Forty-eight consecutive healthy subjects (control group) who applied to the outpatient clinics of Cardiology and Internal Medicine and 49 dialysis patients (dialysis group) who were receiving treatment in the hemodialysis unit and who met the study criteria were compared and analyzed in this study. Both groups were statistically similar in age, height, body weight and waist circumference. Patients' HD start-up times ranged from 6 to 29 months and the mean duration of dialysis was 56 ± 33 months. Diabetes mellitus was present in twenty-two patients (45%) and hypertension was present in 17 patients (35%). The demographic and clinical characteristics of the evaluated groups are shown in Table 1.

Age

HD group (n=49)

Control group (n=48)

P value

 60 ± 14.0

59 ± 13

0.356

Male/female n (%)

 32 /17 (65/ 35)

32/16 (67/33)

0.901

DM n (%)

HT n (%)

Weight, kg)

Body mass index, kg/m2

Dialysis duration, months

 22 (45)

 17 (35)

 65 ± 17.3

66 ± 15

0.264

 27 ± 6.3

28 ± 5.9

0.806

 56.2 ± 30.2

Amount of fluid withdrawn
during HD, ml

 2452 ± 1125

         

Data are presented as mean ± standard deviation or n (%); HD-Hemodialysis

Table 1: Demographic and clinical data.

Patients with chronic renal failure aetiology; (28%) had hypertensive nephropathy, five (9.2%) had glomerulonephritis, two (3.6%) had obstructive nephropathy and 15 (28%) patients had no known aetiology. Subsequently, the valve calcifications in the dialysis group were distinguished only as aortic, mitral and both aortic and mitral calcifications according to the valve that was held. Eleven patients with only aortic calcification, 9 with mitral calcification, and 6 with aortic and mitral calcification were seen after this distinction. We compared the patients with each other and the control group in this way. In the control group, 6 calcific valves were detected. The result was statically significant. The presence of valvular calcification between hemodialysis patients and control groups is shown in Table 2.

No calcification  

HD Group (n=49) (F/M)

Control Group (n=48) (F/M)

p-value

23 (10/13)

43 (15/28)

<0.001

Calcification exists

26 (7/19)

5 (1/4)

<0.001

%

53%

10.4%

n-number of persons; F-female; M-male

Table 2: Presence of valve calcification in hemodialysis and control groups.

In the CIMT evaluation, the dialysis group had a mean of 0.86 ± 0.16 cm, and the control group had a mean of 0.61 ± 0.11 cm. This difference was statistically significant (p <0.001). There was also a significant difference between the LVEDD, LVESD, LVEF and wall thicknesses of the groups. The comparison of CIMT values and echocardiographic measurements between hemodialysis patients and control groups is shown in Table 3.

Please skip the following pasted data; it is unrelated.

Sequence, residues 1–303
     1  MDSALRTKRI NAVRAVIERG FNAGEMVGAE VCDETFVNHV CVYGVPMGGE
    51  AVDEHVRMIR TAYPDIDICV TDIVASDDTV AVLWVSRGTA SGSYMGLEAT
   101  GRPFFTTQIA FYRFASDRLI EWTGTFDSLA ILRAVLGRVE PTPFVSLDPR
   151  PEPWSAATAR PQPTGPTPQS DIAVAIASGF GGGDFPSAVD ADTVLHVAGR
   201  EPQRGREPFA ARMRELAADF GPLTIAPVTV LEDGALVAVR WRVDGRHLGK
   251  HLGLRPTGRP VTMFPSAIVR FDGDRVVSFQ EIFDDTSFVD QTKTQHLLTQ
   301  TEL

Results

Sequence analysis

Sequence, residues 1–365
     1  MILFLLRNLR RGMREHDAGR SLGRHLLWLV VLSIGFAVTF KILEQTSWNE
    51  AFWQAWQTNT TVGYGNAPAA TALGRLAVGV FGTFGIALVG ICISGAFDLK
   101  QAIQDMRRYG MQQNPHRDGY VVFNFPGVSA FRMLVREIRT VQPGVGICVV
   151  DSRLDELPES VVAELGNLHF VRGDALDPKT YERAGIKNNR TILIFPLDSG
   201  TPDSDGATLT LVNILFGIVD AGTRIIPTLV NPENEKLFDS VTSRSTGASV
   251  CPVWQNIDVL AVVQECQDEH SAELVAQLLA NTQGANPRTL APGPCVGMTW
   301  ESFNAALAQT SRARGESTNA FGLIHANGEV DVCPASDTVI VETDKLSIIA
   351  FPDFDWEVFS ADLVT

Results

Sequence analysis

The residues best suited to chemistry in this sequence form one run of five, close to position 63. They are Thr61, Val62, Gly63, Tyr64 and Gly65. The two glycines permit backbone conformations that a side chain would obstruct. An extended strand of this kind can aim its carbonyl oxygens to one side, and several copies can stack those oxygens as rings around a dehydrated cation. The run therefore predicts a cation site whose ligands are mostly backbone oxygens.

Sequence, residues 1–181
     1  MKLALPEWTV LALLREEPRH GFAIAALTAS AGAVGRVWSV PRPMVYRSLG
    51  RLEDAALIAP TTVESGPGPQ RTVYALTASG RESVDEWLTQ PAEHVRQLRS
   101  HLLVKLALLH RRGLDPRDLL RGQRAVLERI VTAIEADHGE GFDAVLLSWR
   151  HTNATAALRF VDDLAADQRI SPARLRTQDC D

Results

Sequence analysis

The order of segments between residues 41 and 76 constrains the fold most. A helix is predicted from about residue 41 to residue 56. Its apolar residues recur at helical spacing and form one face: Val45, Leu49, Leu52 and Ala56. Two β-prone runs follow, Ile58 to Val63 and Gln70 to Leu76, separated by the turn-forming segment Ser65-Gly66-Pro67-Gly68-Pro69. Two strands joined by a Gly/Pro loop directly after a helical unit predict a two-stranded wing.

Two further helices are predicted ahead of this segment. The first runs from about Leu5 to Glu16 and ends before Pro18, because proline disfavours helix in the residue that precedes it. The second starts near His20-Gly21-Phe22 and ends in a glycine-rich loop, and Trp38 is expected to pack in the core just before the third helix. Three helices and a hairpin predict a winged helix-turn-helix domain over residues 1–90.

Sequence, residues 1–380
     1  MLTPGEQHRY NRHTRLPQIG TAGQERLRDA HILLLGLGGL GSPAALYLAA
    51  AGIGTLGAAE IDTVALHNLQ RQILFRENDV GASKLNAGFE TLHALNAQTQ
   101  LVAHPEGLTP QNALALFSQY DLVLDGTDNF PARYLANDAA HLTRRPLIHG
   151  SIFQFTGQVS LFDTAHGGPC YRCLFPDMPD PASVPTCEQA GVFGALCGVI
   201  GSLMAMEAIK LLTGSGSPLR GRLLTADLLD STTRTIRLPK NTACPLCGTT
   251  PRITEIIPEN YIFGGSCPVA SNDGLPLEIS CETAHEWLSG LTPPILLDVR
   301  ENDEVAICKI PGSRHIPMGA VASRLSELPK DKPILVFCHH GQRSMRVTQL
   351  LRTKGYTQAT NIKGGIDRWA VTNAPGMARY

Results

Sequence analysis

LVEF (%)

 HD group

 Control group

p value

56.07±7.46

62.54 ± 2.02

<0,001

LVEDD

5.00 ± 0.46

4.63 ± 0.34

<0,001

LVESD

3.41 ± 0.47

3.13 ± 0.47

0,013

IVS

1.41 ± 0.38

0.97 ± 0.19

<0,001

PW

1.32 ± 0.29

0.93 ± 0.16

<0,001

CIMT

0.86 ± 0.16

0.60 ± 0.11

<0,001

Data are presented as mean ± standard deviation or n (%); LVEF-Left ventricular ejection fraction; IVS-Interventricular septum; PW-Posterior wall; LVEDD-Left ventricular end-diastolic diameter; LVEsD-Left ventricular end-systolic diameter; CIMT-Carotid intima-media thickness

Table 3: Echocardiographic measurements and CIMT.

Serum PTH levels were 578. 21 ± 453. 45 pg/ml in dialysis patients and 36 ± 5.72 pg/ml in the control group. The patient group was statistically significantly higher (p <0.001). Corrected Ca and phosphorus product was found to be significantly higher in the dialysis group (53.92 ± 11.59 mg2 / dl2, 33.62 ± 4.17 m2 / dl2, respectively). As expected, urea and creatinine values were higher in the HD group than in the control group. The laboratory findings are shown in Table 4.

Htc

 HD group

Control group

p value

34.84 ± 3.73

42.00 ± 7.25

<0.001

Hb

11.45 ± 1.26

13.89 ± 1.57

<0.001

PLT

174.82 ± 61.50

289.04 ± 91.44

<0.001

WBC

 7.16 ± 2.47

7.84 ± 2.58

0.131

Glukoz

 127.43 ± 47.11

110.22 ± 8.50

0.375

Üre

123.51 ± 30.39

34.99 ± 41.78

<0.001

Kreatinin

 6.56 ± 2.30

0.97 ± 1.12

<0.001

CaXP

 53.92 ± 11.59

33.62 ± 4.17

<0.001

CRP

 12.15 ± 16.76

7.78 ± 14.72

0.010

PTH

 578.21 ± 453.45

36.26 ± 5.72

<0.001

Table 4: The laboratory values.

4. Discussion